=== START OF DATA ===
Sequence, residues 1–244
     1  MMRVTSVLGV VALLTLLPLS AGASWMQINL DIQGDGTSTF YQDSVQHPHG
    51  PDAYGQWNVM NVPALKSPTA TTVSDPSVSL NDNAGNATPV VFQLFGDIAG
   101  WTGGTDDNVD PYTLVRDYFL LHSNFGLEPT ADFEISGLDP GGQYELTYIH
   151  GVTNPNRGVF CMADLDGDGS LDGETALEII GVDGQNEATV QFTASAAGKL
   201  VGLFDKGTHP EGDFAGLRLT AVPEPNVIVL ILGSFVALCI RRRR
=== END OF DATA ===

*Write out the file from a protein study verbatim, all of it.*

Sequence, residues 1–244
     1  MMRVTSVLGV VALLTLLPLS AGASWMQINL DIQGDGTSTF YQDSVQHPHG
    51  PDAYGQWNVM NVPALKSPTA TTVSDPSVSL NDNAGNATPV VFQLFGDIAG
   101  WTGGTDDNVD PYTLVRDYFL LHSNFGLEPT ADFEISGLDP GGQYELTYIH
   151  GVTNPNRGVF CMADLDGDGS LDGETALEII GVDGQNEATV QFTASAAGKL
   201  VGLFDKGTHP EGDFAGLRLT AVPEPNVIVL ILGSFVALCI RRRR